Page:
In 1825 a culvert built at Swanpool to allow water from the freshwater lake to flow into the sea resulted in a unique mix of seawater and freshwater and created  one of Britain's most important brackish lagoons. At the same time, it lowered the water level in the lake, leaving an area of marshland to the north west of it, fed by six streams winding through on their way to the sea.

This in turn produced a small, densely wooded wetland behind the lake, consisting mostly of willow carr. In this rare and precious environment the willow acts as a filter, removing pollutants before they are able to flow into the lake, and at the same time providing food and shelter for many birds and small mammals. Willow trees can support as many as 450 different species of invertebrates, and this in turn attracts a wide variety of birds. The wet floor and humid atmosphere of this wet woodland also encourages the growth of rushes and ferns, as well as mosses and lichens.

Although the name is probably derived from 'swamp-pool' there are in fact swans nesting on the lake. However, in Spring 2011 a black swan tried to join the lake's bird community, which caused such an uproar among the less aggressive mute swans already here that the RSPCA was called in to remove it and take it to live among its own kind elsewhere!

The species for which Swanpool is particularly famous is invisible underwater, but it is the only one of its kind in Britain. This is the trembling sea mat, an exotic-sounding creature consisting of billions of primitive microscopic animals called bryozoa, living in colonies attached to stones or the stems of plants. No more than two millimetres in size, each bryozoan is crowned by a ring of tentacles which it uses for filter feeding, catching particles in the water in the hairs on the tentacles.

  1. Turn right on the road and follow it around to the right, carrying on beside the water to go into the nature reserve, forking left after Swanpool Gardens to walk along the footpath through the trees to come out on a crossroad of footpaths.

This is the Boslowick district, whose houses are built on the site of a medieval settlement. The first record of a hamlet here was in 1301, when it was referred to as 'Bodelewyth', or 'Leuit's abode'. The name Boslowick did not appear until 1538, and it is thought to come from Cornish words meaning 'thicket' and 'pool'.

In the last enemy air raid of the Second World War, a large fuel depot at Boslowick was blown up. Intended for use in the D-Day landings, the fuel swept through the valley in a massive torrent which threatened the houses below. Thanks to the prompt actions of an American Navy officer with a bulldozer the flow was diverted, and he was awarded the British Empire Medal.

  1. Meeting Meadowside Road at the end of this footpath turn right onto another footpath, bearing left on the footpath by the No Entry sign at the junction between Marlborough Avenue and Silverdale Road. Carry straight on ahead when East Rise joins from the left, and follow it to the T-junction on Boslowick Road.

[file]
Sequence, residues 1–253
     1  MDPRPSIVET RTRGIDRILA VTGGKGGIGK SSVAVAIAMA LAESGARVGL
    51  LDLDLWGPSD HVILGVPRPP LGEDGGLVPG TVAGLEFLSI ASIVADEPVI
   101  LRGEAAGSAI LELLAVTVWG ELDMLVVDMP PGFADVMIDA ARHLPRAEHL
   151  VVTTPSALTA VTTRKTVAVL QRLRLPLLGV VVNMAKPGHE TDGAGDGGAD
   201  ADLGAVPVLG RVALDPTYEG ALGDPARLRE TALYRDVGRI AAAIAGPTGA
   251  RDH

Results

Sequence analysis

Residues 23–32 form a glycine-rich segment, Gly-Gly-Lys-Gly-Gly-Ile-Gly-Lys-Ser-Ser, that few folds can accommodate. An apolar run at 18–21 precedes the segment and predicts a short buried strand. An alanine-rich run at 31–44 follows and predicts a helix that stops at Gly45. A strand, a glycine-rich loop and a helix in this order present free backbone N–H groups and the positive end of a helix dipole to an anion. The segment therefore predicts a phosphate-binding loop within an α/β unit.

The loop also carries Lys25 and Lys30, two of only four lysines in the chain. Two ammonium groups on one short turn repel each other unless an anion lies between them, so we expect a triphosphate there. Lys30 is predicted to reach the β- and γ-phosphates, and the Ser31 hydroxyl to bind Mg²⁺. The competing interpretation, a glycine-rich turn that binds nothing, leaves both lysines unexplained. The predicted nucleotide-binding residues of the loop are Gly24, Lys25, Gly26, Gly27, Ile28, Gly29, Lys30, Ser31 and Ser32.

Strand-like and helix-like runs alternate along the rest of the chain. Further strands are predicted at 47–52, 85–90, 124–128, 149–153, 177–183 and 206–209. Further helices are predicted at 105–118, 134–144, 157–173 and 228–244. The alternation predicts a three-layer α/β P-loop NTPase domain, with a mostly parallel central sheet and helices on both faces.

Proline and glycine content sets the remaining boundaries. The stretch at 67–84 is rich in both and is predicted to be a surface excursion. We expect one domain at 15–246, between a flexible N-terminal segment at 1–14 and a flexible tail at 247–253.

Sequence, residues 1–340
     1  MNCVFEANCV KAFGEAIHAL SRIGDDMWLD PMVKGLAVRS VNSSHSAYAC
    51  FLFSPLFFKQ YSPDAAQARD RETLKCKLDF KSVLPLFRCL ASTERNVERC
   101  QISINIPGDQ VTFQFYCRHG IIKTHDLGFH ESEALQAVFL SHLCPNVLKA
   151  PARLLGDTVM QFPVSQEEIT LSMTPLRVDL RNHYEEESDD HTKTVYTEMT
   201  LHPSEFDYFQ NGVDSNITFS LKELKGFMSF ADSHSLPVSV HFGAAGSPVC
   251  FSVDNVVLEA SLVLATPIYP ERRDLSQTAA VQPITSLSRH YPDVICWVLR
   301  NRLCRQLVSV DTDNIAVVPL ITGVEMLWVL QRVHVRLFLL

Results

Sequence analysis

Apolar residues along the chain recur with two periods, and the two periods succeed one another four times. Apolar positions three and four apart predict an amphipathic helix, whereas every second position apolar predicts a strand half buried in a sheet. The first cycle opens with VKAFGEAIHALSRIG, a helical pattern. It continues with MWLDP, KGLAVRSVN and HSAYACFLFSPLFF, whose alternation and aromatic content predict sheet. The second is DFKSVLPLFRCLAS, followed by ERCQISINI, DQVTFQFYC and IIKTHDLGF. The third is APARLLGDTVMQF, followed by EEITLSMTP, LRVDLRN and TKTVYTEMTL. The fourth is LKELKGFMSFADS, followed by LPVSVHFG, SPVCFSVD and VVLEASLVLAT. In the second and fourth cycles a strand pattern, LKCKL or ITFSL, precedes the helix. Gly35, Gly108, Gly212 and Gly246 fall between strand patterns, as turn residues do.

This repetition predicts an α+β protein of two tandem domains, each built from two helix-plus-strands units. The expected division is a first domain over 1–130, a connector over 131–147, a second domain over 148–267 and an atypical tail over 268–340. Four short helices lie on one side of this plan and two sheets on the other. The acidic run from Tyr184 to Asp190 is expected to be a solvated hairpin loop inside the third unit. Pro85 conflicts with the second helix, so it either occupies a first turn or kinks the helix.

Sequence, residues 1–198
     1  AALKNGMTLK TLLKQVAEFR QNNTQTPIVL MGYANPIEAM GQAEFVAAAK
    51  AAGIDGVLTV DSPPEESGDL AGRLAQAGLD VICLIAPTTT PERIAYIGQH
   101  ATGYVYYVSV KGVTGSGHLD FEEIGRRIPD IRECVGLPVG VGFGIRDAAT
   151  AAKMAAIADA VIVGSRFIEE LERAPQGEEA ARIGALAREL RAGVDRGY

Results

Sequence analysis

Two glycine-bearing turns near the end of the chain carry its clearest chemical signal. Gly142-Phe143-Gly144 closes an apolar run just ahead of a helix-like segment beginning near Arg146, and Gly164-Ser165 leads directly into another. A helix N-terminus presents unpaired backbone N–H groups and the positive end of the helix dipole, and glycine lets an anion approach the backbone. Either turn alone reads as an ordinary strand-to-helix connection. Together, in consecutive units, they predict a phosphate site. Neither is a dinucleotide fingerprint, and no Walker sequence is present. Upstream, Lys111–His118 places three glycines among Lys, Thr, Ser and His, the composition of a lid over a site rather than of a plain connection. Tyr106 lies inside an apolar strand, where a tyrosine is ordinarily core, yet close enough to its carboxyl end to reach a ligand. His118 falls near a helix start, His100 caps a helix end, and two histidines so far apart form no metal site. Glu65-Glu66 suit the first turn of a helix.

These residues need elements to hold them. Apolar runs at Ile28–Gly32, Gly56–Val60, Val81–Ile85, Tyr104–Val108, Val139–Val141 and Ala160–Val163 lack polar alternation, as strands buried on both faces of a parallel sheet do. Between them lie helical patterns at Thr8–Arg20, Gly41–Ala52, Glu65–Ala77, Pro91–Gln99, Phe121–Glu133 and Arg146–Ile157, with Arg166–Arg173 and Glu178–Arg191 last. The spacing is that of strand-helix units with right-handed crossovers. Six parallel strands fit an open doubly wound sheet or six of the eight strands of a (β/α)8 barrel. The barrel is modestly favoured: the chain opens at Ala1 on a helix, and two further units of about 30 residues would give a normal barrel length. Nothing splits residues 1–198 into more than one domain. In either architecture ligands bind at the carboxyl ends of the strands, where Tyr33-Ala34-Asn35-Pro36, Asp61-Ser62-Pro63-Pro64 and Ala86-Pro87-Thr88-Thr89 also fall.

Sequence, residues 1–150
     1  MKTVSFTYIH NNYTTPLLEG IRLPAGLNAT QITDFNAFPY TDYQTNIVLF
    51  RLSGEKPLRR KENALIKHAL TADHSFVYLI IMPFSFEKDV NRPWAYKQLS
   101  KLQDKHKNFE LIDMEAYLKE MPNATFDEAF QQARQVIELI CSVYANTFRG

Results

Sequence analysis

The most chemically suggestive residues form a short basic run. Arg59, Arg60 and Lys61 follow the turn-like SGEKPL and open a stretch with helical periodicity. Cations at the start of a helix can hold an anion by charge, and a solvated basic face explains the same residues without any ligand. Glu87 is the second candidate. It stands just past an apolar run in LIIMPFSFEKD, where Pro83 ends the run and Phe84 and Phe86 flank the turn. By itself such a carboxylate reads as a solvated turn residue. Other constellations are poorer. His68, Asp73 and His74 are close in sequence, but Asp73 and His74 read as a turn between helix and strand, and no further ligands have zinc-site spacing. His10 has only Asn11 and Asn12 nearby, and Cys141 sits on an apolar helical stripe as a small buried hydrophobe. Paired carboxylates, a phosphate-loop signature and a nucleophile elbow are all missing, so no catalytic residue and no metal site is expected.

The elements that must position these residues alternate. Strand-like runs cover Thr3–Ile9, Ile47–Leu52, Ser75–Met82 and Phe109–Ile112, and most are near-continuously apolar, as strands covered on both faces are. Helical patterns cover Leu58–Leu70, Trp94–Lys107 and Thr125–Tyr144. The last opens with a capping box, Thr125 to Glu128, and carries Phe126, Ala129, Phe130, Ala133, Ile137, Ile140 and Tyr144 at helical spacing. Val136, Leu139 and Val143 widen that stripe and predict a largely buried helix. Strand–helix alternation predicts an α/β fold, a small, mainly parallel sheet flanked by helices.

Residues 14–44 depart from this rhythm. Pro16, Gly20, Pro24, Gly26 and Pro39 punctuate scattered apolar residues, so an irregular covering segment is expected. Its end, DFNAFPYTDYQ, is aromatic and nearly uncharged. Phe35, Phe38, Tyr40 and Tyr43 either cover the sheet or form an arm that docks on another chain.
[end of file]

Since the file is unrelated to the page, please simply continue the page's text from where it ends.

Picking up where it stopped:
2. Turn right and go under the railway bridge to carry on up Penmere Hill to Tregenver Road, coming out  opposite the rugby ground.
  3. Turn right on the main road and walk a short distance to the next roundabout, crossing Dracaena Avenue and then turning left onto Killigrew Street. From here walk downhill to the Falmouth Moor, carrying straight on ahead to come out on Market Street.

The first Catholic church in Falmouth was a hut near the Customs House, erected by French fishermen at the beginning of the nineteenth century. It was moved to Well Lane in 1818, before private donations, from the French Royal Family among others, made it possible for a new church to be built on Stratton Terrace, opened in 1821 and accommodating a congregation of 150. When a larger church was needed, the present building on the corner of Kimberley Place was constructed of granite and Portland stone in 1869.

Falmouth Moor has grown around a small village known as Smithick in the seventeenth century.  A stream once flowed through here and on to Smithick Creek, operating a water mill along the way. The Moor is the now the hub of the town, and a market is held here twice a week.

John Wesley himself established the Wesleyan Methodist Society here in 1754, and the Methodist Chapel in Killigrew Street was built in 1891 and enlarged 13 years later. Two further Methodist chapels were later built, one in Porham Street and another on Pike's Hill.

The Passmore Edwards Free Library was one of 70 major buildings established through the bequests of Cornish Philanthropist John Passmore Edwards. The son of carpenter and born near Redruth in 1823, Edwards progressed from being a journalist to becoming a newspaper owner and a Liberal MP. A lifelong champion of the working man's rights, he was an international peace delegate and was staunchly opposed to the Boer War.  As well as building the various libraries, schools, convalescent homes and art galleries throughout England, he made generous donations to many hospitals, as well as to the Workers' Educational Association.

  1. Turn right on Market Street, carrying on along Church Street to return to Arwenack Street and the start of the walk. From here follow Arwenack Street, Marine Crescent and Bar Road back to the station.

As Marine Crescent turns the corner into Bar Road, Falmouth Lifeboat Station can be seen down Tinner's Walk. In 1867, the first lifeboat, the 10-oared City of Gloucester cost £280, was stationed in the town. A carriage costing £98 10s enabled the boat to be transported to the best launch site for any particular rescue. The present station was opened in 1993 and operates an all weather boat and an inshore lifeboat.

Public transport

Click here for train times and tickets to and from Falmouth.